A technical paper titled “Enabling HW-based Task Scheduling in Large Multicore Architectures” was published by researchers at Barcelona Supercomputing Center, University of Campinas, University of Sao Paulo, and Arteris Inc.
“Dynamic Task Scheduling is an enticing programming model aiming to ease the development of parallel programs with intrinsically irregular or data-dependent parallelism. The performance of such solutions relies on the ability of the Task Scheduling HW/SW stack to efficiently evaluate dependencies at runtime and schedule work to available cores. Traditional SW-only systems implicate scheduling overheads of around 30K processor cycles per task, which severely limit the (core count, task granularity) combinations that they might adequately handle. Previous work on HW-accelerated Task Scheduling has shown that such systems might support high performance scheduling on processors with up to eight cores, but questions remained regarding the viability of such solutions to support the greater number of cores now frequently found in high-end SMP systems.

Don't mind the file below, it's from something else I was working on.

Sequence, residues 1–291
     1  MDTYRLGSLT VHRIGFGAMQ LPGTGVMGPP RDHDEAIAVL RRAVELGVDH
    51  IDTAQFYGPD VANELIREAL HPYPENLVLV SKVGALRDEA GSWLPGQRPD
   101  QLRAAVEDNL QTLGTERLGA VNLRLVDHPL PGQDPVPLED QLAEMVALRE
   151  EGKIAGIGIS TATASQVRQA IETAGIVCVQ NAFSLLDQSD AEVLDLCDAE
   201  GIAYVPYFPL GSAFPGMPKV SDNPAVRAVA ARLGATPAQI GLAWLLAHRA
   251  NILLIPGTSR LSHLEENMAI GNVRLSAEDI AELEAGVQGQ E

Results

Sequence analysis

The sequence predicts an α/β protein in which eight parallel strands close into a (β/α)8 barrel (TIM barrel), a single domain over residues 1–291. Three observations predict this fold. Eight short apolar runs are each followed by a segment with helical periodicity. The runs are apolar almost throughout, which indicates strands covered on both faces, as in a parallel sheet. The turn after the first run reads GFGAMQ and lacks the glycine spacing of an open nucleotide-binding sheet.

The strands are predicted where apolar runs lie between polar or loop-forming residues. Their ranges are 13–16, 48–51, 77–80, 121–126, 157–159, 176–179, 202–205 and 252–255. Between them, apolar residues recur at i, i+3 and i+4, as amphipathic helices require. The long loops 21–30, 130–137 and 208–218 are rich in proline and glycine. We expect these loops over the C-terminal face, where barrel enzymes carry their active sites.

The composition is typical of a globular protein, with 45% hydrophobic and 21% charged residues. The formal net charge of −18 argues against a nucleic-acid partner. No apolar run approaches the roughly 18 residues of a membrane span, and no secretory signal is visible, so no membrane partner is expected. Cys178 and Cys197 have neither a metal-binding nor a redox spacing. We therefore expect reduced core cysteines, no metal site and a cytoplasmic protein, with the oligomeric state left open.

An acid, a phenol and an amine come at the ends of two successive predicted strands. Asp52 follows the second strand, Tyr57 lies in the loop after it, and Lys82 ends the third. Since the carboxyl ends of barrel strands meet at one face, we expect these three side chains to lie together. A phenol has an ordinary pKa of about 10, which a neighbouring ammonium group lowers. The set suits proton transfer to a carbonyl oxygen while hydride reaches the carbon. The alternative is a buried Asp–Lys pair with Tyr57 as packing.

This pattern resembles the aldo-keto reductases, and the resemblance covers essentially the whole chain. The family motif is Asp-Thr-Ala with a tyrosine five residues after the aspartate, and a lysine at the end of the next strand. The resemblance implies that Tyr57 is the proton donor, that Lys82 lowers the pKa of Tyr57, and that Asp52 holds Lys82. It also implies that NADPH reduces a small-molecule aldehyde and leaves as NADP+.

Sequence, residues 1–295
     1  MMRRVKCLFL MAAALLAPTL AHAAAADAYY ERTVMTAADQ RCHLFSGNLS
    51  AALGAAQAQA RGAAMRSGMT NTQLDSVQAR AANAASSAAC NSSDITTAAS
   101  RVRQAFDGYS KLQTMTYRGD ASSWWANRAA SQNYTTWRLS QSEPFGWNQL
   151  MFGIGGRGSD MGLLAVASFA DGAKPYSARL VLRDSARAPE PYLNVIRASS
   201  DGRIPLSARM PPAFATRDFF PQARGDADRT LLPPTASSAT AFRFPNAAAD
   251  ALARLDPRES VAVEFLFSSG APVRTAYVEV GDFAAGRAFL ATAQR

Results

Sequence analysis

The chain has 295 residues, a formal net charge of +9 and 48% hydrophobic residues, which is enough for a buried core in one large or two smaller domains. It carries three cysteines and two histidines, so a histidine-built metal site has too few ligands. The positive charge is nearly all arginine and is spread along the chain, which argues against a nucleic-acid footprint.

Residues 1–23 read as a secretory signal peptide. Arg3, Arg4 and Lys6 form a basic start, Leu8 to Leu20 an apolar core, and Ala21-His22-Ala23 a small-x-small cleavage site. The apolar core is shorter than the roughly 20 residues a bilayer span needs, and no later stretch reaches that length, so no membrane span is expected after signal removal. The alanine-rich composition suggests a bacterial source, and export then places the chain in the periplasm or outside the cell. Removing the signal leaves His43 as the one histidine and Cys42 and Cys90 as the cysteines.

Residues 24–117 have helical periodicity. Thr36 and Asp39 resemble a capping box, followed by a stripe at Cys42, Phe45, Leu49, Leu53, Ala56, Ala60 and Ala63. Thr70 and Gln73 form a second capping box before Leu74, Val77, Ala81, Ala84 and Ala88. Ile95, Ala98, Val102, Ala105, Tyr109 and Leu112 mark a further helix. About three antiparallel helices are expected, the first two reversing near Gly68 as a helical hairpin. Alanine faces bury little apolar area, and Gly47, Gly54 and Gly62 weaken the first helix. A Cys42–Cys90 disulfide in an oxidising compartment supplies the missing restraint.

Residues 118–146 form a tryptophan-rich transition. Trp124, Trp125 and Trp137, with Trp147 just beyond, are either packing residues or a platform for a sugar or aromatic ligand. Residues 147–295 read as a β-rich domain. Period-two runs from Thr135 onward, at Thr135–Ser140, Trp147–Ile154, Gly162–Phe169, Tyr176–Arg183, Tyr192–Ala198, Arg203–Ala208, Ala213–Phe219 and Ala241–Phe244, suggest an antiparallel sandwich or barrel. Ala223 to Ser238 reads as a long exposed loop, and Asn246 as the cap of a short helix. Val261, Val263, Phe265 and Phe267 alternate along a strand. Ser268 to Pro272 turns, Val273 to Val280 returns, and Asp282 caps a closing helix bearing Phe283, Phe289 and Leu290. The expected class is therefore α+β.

The present work presents an FPGA-proven, tightly-integrated, Linux-capable, 30-core RISC-V system with hardware accelerated Task Scheduling. We use this implementation to show that HW Task Scheduling can still offer competitive performance at such high core count, and describe how this organization includes hardware and software optimizations that make it even more scalable than previous solutions. Finally, we outline ways in which this architecture could be augmented to overcome inter-core communication bottlenecks, mitigating the cache-degradation effects usually involved in the parallelization of highly optimized serial code.”
Find the technical paper here. Published October 2023.
L. Morais et al., “Enabling HW-based Task Scheduling in Large Multicore Architectures,” in IEEE Transactions on Computers, doi: 10.1109/TC.2023.3323781.
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